9. The method of claim 8, further comprising:
charging the capacitive load to the predetermined charged voltage according to the current control feedback.
10. The method of claim 8, further comprising:
converting the detected voltage into a digital representation;
comparing the digital representation of the detected voltage with a digital representation of the predetermined charged voltage of the capacitive load; and
generating the current control feedback responsive to the comparison.
11. The method of claim 10, further comprising dividing the digital representation of the detected voltage by a digital representation of the predetermined charged voltage of the capacitive load to generate the current control feedback.
12. The method of claim 8, further comprising:
buffering current from the variable current source for charging the capacitive load;
directing the buffer to charge the capacitive load for the preset charging time.
13. The method of claim 12, further comprising:
activating a first switch allowing the load charge calibrator to detect the voltage associated with the charged capacitive load; and
activating a second switch to discharge the capacitive load.
14. A system comprising:
means for generating a default source current for charging a capacitive load;
means for charging the capacitive load with the default source current
means for detecting a voltage associated with the charged capacitive load;
means for generating a current control feedback, wherein the current control feedback causes the means for generating current to output a charge current capable of charging the capacitive load to a predetermined charged voltage of the capacitive load for a length of time indicated by a preset charging time, and wherein a level of the charge current is based on the detected voltage and the desired charged voltage; and
means for indicating the predetermined charged voltage of the capacitive load to the means for generating current for use in generating the current control feedback.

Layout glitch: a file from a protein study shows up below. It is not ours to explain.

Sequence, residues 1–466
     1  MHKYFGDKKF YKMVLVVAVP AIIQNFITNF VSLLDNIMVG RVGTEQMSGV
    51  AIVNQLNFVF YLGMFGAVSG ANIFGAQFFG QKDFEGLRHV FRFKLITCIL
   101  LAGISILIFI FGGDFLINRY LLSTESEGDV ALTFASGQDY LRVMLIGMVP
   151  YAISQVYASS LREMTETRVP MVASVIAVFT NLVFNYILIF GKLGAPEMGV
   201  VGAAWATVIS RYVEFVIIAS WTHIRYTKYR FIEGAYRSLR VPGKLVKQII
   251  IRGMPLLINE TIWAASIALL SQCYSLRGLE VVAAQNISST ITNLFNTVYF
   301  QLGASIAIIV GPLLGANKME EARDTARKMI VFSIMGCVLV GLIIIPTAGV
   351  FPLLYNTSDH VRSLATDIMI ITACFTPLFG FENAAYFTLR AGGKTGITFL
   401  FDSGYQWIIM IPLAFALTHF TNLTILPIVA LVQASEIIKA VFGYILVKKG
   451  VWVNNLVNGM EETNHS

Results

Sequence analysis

15. The system of claim 14, further comprising means for charging the capacitive load to the predetermined charged voltage according to the current control feedback.
16. The system of claim 14, further comprising:
means for converting the detected voltage into a digital representation;
means for comparing the digital representation of the detected voltage with a digital representation of the predetermined charged voltage of the capacitive load; and
means for generating the current control feedback responsive to the comparison.
17. The system of claim 16, further comprising:
means for dividing the digital representation of the detected voltage by a digital representation of the predetermined charged voltage of the capacitive load to generate the current control feedback.
18. The system of claim 14, wherein the default source current is a minimum amount of current the means for generating current is capable of generating.
19. The system of claim 14, further comprising:
means for buffering current from means for generating current;
means for directing the means for buffering to charge the capacitive load for the preset charging time.
20. The system of claim 19, further comprising:
means for activating a first switch allowing the load charge calibrator to detect the voltage associated with the charged capacitive load; and
means for activating a second switch to discharge the capacitive load.
Description
RELATED APPLICATIONS

This application claims priority from U.S. Provisional Application No. 60/912,577, filed Apr. 18, 2007, which is incorporated herein by reference.

FIELD OF THE INVENTION

The present disclosure relates generally to electrical circuits, and more particularly to a self-calibrating driver.

BACKGROUND

The operation of many electronic circuits includes charging capacitive loads to a desired voltage level. To calibrate this capacitive load charging, these electronic circuits often perform an iterative process of charging the capacitive loads and then comparing the resulting voltage of the charge capacitive load to the desired voltage level. For instance, during load charge calibration an electronic circuit charges a capacitive load, checks the resulting voltage across the capacitive load, and then recharges the capacitive load in an attempt to more closely charge the capacitive load to the desired voltage level. The electronic circuits perform this process iteratively until the voltage across the capacitive load corresponds to the desired voltage level. Although these systems can charge their capacitive loads to the desired voltage level, it often takes many iterations to accomplish, which is both time-consuming and a waste of system resources.

DESCRIPTION OF THE DRAWINGS

The invention may be best understood by reading the disclosure with reference to the drawings.

FIG. 1 is a block diagram of a self-calibrating driver according to embodiments of the invention.

FIG. 2 is a block diagram illustrating embodiments of the load charging calibrator shown in FIG. 1.

FIG. 3 is a block diagram of embodiments of the load coupling shown in FIG. 1.

FIG. 4 is an example flowchart of the self-calibrating driver shown in FIG. 1.

DETAILED DESCRIPTION